Holiday treats.


Meet my KitchenAid mixer, one of my prized possessions. It only gets trotted out a couple times a year, and it's only guaranteed to see the light of day at Christmas. Without it I'd never do half the holiday baking I do. Which could mean I'd be able to wear my skinny jeans again, but 'tis the season.

I didn't bake as many cookies this year; what I made will definitely be sufficient without leaving us facing thousands of unnecessary calories after the holidays. Somehow, I think we'll consume enough as it is.

Above is the chocolate chip cookie dough coming together. I also made cinnamon cookies, and these shortbread cookies with candied cherries:


Roasted pecans with cinnamon and sugar (my personal weakness):


and layered chocolate/cherry cookies:


Then there's the fudge, which I didn't photograph (believe it or not). I found a recipe that doesn't use marshmallow, so my vegetarian son can eat it (marshmallow contains gelatin, which is often made from animal products – therefore he won't touch them). The sugar plum cookies (basically shortbread dough with chopped spice drops – very pretty cookies) have almost been completely consumed. That's a hazard of baking too early.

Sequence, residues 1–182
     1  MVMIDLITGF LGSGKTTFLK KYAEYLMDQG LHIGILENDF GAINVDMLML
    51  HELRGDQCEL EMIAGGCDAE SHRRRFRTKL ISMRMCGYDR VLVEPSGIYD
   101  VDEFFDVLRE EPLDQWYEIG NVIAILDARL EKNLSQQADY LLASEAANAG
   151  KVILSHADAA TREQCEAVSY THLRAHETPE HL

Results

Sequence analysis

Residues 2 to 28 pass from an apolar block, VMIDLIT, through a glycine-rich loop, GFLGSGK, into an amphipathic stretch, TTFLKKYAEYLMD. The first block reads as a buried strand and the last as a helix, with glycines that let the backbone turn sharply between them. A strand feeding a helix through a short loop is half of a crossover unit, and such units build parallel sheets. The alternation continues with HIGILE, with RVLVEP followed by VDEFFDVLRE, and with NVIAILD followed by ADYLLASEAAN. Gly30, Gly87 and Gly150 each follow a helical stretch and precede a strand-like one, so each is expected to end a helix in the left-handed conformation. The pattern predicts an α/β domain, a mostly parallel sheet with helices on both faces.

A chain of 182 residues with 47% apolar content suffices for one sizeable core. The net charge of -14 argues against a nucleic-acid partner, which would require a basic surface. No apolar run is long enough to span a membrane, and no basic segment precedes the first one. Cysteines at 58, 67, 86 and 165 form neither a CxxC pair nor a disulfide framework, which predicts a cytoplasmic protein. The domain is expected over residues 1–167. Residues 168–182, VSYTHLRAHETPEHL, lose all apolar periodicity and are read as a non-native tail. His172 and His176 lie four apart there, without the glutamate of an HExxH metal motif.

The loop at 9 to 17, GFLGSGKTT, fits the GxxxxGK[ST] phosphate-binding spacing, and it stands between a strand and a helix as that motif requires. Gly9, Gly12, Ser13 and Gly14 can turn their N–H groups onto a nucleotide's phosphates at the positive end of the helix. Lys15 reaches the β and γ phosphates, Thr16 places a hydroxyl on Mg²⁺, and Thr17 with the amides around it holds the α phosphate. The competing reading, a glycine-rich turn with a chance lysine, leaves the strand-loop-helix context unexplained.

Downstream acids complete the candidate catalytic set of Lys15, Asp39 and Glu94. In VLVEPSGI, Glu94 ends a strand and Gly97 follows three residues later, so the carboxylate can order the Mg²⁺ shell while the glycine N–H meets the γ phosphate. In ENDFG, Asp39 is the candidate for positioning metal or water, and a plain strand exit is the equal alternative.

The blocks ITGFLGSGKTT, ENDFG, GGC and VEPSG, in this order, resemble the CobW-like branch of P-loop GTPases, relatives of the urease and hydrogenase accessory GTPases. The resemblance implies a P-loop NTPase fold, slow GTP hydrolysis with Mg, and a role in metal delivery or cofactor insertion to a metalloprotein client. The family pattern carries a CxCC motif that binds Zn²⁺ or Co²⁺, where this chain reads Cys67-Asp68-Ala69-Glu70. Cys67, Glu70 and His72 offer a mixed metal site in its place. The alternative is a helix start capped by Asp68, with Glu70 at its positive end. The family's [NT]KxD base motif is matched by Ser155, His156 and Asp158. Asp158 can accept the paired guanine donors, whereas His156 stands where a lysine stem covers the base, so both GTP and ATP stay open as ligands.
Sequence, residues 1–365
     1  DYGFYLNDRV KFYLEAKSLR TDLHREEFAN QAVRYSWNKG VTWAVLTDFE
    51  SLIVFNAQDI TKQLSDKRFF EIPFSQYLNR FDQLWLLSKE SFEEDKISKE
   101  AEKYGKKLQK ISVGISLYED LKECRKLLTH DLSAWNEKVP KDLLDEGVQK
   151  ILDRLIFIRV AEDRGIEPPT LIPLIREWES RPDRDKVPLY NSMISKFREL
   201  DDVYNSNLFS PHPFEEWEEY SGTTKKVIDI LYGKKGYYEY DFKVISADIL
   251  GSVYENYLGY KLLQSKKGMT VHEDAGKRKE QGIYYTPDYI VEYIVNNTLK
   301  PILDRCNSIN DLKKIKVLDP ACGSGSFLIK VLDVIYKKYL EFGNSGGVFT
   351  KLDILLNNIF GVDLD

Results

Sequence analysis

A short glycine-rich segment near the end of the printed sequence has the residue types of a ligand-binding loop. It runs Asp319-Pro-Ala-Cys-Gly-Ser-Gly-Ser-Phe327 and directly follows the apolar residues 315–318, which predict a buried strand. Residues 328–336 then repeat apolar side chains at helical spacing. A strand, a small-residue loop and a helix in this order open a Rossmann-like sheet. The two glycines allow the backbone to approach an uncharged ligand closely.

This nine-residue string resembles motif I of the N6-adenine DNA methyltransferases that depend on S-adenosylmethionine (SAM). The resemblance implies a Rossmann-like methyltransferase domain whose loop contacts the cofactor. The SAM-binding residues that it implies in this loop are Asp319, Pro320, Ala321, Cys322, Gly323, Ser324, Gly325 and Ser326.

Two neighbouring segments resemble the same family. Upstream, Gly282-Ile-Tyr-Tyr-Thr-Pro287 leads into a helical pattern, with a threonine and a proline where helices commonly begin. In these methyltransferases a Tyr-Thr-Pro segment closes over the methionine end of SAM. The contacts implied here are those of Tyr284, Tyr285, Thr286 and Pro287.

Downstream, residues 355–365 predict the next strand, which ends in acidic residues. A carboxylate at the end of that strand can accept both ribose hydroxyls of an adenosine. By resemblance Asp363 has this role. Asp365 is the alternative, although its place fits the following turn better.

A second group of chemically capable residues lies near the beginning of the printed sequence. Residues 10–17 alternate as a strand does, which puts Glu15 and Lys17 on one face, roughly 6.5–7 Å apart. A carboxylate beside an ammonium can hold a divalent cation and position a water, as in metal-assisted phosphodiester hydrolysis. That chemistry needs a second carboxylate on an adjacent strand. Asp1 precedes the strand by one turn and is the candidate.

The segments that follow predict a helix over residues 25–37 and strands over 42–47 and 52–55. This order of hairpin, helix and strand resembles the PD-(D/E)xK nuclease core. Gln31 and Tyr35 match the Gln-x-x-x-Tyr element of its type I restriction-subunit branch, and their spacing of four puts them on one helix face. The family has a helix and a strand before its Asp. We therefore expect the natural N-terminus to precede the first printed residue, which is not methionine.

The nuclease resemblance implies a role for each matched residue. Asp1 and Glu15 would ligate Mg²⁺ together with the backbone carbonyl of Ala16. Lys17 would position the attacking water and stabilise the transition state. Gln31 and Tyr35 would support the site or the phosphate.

I think that's it for this year, unless I decide to make the meringue cookies. They would be pretty on the cookie tray, and they do look pretty easy. I'm undecided.

I divvied the treats up into containers for each function (Christmas Eve at the in-laws', home for Christmas Day, the visit from my brother and his family for a post-Christmas get-together). And the nuts I've put FAR OUT OF MY REACH.

The house smelled heavenly yesterday. Wish you could've been here to absorb the buttery, chocolately goodness. Oh, and the cinnamon … God love the cinnamon!

Another holiday tradition checked off the list. Pity, though, Galpal and I couldn't get together for baking this year. I wasn't feeling well at all on the day we scheduled, then things just got too busy. Maybe next year.

I spread my cookie baking out this year. I finished it in two afternoons. It's not quite as exhausting when you break it up, but doing it all at once is too much for me anymore. It may not seem like baking's a lot of work, but it actually is. It means being on your feet most of the time, which is more tiring than it sounds. Either that, or I'm getting old.

I'll go with the standing.

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